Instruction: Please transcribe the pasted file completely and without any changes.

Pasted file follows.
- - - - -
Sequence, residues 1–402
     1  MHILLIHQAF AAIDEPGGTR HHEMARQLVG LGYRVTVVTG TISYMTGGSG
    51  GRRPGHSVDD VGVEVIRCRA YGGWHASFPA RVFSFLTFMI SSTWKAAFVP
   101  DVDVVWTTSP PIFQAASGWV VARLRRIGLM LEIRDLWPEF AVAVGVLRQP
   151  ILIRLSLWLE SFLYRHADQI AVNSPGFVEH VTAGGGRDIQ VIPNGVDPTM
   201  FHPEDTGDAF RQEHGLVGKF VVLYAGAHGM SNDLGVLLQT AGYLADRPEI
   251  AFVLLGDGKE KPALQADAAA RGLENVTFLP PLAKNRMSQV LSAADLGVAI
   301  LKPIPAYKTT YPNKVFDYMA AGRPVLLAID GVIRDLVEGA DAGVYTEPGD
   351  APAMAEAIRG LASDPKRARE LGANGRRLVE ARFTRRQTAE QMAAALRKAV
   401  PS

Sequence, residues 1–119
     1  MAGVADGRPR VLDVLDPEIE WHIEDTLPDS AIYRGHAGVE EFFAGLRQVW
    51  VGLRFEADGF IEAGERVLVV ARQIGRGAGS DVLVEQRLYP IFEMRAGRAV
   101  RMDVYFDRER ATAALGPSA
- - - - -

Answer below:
Sequence, residues 1–402
     1  MHILLIHQAF AAIDEPGGTR HHEMARQLVG LGYRVTVVTG TISYMTGGSG
    51  GRRPGHSVDD VGVEVIRCRA YGGWHASFPA RVFSFLTFMI SSTWKAAFVP
   101  DVDVVWTTSP PIFQAASGWV VARLRRIGLM LEIRDLWPEF AVAVGVLRQP
   151  ILIRLSLWLE SFLYRHADQI AVNSPGFVEH VTAGGGRDIQ VIPNGVDPTM
   201  FHPEDTGDAF RQEHGLVGKF VVLYAGAHGM SNDLGVLLQT AGYLADRPEI
   251  AFVLLGDGKE KPALQADAAA RGLENVTFLP PLAKNRMSQV LSAADLGVAI
   301  LKPIPAYKTT YPNKVFDYMA AGRPVLLAID GVIRDLVEGA DAGVYTEPGD
   351  APAMAEAIRG LASDPKRARE LGANGRRLVE ARFTRRQTAE QMAAALRKAV
   401  PS

Sequence, residues 1–119
     1  MAGVADGRPR VLDVLDPEIE WHIEDTLPDS AIYRGHAGVE EFFAGLRQVW
    51  VGLRFEADGF IEAGERVLVV ARQIGRGAGS DVLVEQRLYP IFEMRAGRAV
   101  RMDVYFDRER ATAALGPSA